Real-World Experience with 100 Consecutive Patients Undergoing Injection Adipocytolysis for Neck Contouring with ATX-101 (Deoxycholic Acid): An Updated Report with 2-Year Analysis
Sachin M. Shridharani, MD, Grace M. Tisch, BA.
LUXURGERY, New York, NY, USA.
Purpose: In 2015, deoxycholic acid (DCA) injection was approved for treatment of mild-to-moderate convexity associated with submental fat. The efficacy and safety of submental DCA injection have been demonstrated in four phase 3 randomized controlled trials (RCTs), however, critical assessment of DCA injection in conventional clinical practice is lacking. In a previous report, we presented initial findings from our experience with 100 consecutive patients administered submental DCA. This study describes and evaluates real-world experience with submental DCA injection in a clinical practice setting, and provides an update to our previous report, accounting for additional treatment sessions during long-term follow-up.
Methods: This prospective, single-arm, observational study was conducted at a single clinic (private practice) between June 2015 and June 2017. Experience through February 2016 was previously published. The study involved 100 consecutive patients, aged between 18 and 80 years, seeking improvement in convexity/fullness associated with submental fat. Treatment involved DCA injection to the preplatysmal submental fat using an area-adjusted DCA dose of 2 mg/cm2, with up to 75 injections (0.2 mL per injection [maximum, 15 mL]) per treatment session for a maximum of 6 sessions. Treatment response was assessed using the clinician-reported submental fat rating scale CR-SMFRS (0 = absent; 1 = mild; 2 = moderate; 3 = severe; and 4 = extreme) and confirmed by independent physician review of photographs at 1 and 5 to 7 weeks posttreatment. Treatment response was defined as an improvement of ≥1 point. AEs, including injection-site AEs such as local edema, numbness, and tenderness were monitored at each follow-up visit. Patient demographics, response, and safety were compared between patients who underwent single versus multiple treatment sessions.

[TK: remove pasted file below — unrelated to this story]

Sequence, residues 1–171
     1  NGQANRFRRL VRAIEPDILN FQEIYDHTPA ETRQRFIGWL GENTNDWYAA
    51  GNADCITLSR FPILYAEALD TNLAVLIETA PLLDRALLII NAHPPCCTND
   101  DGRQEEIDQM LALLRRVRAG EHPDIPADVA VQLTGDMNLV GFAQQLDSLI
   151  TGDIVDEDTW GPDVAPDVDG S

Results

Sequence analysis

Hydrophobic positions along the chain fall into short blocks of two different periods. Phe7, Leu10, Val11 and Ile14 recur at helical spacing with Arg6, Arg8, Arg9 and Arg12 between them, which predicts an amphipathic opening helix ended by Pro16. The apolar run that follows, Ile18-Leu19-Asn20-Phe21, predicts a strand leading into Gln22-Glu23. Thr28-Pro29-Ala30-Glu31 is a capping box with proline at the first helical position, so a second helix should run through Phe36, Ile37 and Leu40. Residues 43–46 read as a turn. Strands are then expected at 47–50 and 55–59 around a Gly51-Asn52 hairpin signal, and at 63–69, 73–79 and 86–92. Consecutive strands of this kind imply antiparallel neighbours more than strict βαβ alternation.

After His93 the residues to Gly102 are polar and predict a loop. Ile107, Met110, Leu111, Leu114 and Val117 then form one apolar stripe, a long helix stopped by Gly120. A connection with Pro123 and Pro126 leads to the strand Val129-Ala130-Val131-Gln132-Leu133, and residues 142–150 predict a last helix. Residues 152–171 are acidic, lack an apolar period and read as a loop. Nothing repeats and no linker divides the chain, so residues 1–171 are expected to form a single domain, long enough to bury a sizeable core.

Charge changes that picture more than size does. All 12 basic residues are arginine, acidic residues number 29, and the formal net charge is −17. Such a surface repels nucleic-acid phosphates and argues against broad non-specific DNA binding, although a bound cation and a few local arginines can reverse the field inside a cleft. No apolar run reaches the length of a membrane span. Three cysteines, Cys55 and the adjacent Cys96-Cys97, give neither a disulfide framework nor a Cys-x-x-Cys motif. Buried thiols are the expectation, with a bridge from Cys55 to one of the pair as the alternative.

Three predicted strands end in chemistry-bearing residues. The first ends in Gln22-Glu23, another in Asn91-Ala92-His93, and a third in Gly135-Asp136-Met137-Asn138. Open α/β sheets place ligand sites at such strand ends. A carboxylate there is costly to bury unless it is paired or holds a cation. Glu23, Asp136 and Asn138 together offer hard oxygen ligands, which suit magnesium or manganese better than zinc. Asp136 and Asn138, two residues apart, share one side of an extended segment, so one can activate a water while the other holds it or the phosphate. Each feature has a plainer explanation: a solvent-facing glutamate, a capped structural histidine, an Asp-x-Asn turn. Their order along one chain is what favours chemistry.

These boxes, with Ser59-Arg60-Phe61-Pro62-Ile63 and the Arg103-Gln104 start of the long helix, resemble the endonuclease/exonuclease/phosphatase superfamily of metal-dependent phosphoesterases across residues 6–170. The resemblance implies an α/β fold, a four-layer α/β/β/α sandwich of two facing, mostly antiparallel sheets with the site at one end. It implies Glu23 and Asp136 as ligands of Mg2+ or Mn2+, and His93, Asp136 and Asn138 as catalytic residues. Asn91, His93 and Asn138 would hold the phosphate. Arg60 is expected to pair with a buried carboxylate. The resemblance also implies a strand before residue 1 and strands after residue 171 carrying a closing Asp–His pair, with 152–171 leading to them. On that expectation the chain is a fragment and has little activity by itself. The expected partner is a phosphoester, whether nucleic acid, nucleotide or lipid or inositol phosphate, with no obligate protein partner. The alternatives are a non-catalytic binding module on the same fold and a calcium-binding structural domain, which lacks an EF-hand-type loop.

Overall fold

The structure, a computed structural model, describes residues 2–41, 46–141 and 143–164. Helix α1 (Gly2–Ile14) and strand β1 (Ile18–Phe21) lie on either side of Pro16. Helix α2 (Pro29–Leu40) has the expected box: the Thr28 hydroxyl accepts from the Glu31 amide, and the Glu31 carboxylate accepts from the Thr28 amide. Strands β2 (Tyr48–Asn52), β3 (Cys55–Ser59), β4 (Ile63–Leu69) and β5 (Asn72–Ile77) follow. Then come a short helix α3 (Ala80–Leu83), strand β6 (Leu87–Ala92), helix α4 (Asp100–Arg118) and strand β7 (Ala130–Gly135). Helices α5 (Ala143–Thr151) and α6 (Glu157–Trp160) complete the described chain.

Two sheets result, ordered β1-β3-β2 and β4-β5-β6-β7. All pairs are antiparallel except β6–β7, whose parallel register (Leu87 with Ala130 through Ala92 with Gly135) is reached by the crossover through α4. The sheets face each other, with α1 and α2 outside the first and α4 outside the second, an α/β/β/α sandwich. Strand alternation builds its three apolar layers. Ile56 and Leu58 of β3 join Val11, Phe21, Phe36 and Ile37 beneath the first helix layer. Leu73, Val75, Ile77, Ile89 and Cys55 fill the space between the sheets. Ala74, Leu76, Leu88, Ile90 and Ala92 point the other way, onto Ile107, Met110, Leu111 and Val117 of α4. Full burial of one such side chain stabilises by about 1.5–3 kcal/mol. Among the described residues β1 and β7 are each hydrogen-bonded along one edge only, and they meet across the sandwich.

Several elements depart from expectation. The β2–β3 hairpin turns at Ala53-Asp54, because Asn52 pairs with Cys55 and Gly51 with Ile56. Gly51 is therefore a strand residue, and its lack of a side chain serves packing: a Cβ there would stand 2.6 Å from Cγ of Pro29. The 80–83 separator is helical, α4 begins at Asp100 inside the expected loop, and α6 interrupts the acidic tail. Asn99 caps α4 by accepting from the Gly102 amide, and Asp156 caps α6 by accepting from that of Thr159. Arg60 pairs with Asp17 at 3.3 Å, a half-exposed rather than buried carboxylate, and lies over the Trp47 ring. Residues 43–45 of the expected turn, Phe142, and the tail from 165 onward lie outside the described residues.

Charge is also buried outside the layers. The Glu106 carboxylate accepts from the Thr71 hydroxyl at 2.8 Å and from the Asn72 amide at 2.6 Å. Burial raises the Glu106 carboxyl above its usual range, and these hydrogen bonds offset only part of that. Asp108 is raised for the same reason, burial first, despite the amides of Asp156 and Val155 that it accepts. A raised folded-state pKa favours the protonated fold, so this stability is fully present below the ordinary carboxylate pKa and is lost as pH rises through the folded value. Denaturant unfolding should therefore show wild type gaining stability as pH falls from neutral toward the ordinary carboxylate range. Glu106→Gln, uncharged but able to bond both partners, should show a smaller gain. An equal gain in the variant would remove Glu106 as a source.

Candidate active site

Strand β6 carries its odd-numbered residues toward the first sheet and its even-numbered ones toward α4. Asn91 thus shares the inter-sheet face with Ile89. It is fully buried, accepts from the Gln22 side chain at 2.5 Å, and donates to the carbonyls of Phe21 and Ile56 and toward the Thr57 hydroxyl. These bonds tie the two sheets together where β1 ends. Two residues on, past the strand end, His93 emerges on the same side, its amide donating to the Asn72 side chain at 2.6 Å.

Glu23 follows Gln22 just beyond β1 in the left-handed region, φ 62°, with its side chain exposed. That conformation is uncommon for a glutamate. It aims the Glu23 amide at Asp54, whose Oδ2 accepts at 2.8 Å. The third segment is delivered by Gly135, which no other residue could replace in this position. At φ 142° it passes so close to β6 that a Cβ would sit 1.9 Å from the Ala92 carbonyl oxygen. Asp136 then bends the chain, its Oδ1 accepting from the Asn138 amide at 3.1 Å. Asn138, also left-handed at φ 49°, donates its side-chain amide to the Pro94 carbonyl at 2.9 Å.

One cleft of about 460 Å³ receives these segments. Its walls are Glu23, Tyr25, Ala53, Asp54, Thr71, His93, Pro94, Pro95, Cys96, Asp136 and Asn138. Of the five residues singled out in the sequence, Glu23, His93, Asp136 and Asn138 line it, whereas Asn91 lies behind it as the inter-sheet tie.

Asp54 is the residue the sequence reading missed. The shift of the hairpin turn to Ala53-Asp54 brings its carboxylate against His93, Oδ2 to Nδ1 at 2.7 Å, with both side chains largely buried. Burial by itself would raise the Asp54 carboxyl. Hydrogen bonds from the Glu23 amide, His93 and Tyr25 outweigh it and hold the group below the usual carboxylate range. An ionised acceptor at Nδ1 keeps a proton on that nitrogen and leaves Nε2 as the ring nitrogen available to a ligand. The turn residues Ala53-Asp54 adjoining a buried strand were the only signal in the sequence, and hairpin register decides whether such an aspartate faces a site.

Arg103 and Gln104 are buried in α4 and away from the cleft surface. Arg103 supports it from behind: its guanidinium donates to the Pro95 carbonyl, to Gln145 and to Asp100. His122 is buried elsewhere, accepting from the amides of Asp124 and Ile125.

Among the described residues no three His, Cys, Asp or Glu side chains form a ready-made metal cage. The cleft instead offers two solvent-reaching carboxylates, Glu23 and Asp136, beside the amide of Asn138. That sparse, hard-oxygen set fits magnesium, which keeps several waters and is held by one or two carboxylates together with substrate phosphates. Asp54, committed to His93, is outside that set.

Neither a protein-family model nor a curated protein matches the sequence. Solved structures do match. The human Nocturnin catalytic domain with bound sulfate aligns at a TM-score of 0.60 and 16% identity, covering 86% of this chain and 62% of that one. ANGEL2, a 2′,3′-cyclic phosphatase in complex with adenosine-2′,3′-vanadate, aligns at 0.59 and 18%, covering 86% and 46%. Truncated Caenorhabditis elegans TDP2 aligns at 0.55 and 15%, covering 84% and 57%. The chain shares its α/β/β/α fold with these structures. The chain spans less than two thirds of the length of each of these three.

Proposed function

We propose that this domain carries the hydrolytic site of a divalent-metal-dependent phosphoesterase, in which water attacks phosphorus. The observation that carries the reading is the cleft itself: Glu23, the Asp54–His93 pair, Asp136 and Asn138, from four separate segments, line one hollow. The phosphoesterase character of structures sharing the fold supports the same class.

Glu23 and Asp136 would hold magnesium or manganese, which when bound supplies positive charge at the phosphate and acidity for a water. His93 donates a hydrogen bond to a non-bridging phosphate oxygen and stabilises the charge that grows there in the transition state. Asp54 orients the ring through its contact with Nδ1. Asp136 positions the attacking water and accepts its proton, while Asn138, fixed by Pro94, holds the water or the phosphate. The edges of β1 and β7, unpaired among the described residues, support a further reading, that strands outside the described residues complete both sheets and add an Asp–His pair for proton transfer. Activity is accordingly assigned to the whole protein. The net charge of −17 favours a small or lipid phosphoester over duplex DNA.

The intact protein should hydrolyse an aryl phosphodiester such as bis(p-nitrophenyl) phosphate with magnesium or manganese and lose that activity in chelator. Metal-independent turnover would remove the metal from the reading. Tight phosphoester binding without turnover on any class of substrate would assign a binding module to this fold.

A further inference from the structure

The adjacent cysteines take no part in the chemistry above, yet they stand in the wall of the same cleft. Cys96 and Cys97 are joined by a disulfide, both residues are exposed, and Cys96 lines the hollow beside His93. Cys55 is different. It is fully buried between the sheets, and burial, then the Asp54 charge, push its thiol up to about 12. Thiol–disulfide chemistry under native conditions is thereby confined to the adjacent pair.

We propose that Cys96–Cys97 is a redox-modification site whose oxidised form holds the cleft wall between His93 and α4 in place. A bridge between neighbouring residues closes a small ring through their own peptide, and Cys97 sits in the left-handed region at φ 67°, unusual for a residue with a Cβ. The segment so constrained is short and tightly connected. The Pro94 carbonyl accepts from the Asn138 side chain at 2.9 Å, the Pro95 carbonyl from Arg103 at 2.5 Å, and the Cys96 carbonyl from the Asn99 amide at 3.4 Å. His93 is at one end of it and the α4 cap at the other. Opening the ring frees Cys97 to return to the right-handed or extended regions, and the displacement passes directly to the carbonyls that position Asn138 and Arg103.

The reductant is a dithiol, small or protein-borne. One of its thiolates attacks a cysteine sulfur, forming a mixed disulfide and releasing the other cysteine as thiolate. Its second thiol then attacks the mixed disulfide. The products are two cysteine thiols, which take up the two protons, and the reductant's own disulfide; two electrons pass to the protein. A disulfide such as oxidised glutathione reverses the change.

Results: Since the prior published report, 17 patients have undergone additional treatment sessions. Overall, one hundred patients have had 195 treatment sessions: 41, 36, 14, 6, 2, and 1 patient had 1, 2, 3, 4, 5, and 6 sessions, respectively. In the multiple-treatment-session (MTS) group, most (36/59 [61.0%]) patients had 2 sessions; 14 (23.7%) had 3 sessions, 6 (10.2%) had 4 sessions, 2 (3.4%) had 5 sessions, and 1 (1.7%) had 6 sessions. A mean (SD) of 6.7 (2.3) mL of DCA was administered per treatment session, with significantly more DCA administered to the MTS than single-treatment-session (STS) group (6.8 [2.3] vs 6.1 [2.2] mL/session; p = .049). Overall, 33 of 36 (91.7%) patients in the STS group and all 59 (100.0%) patients in the MTS group had an improved CR-SMFRS score by ≥1 point. Local edema, numbness, and tenderness were reported for a mean (SD) of 7.1 (5.1), 27.9 (11.3), and 3.5 (3.5) days post-treatment, respectively.
Conclusions: Longer-term follow-up of submental DCA injections demonstrated that patients will likely require ≥2 sessions to achieve the desired aesthetic goal in a private practice setting. Both single- and multiple-treatment sessions were generally well tolerated.
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